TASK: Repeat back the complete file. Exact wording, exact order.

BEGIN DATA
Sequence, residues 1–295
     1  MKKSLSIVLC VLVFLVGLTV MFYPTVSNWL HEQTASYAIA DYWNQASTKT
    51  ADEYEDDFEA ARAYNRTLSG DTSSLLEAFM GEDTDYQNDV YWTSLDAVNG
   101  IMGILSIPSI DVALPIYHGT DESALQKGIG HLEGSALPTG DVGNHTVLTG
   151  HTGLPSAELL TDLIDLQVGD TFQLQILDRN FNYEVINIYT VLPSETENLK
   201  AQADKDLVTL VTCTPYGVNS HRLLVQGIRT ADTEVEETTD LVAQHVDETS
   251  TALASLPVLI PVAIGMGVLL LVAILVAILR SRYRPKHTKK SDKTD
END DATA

Sequence, residues 1–295
     1  MKKSLSIVLC VLVFLVGLTV MFYPTVSNWL HEQTASYAIA DYWNQASTKT
    51  ADEYEDDFEA ARAYNRTLSG DTSSLLEAFM GEDTDYQNDV YWTSLDAVNG
   101  IMGILSIPSI DVALPIYHGT DESALQKGIG HLEGSALPTG DVGNHTVLTG
   151  HTGLPSAELL TDLIDLQVGD TFQLQILDRN FNYEVINIYT VLPSETENLK
   201  AQADKDLVTL VTCTPYGVNS HRLLVQGIRT ADTEVEETTD LVAQHVDETS
   251  TALASLPVLI PVAIGMGVLL LVAILVAILR SRYRPKHTKK SDKTD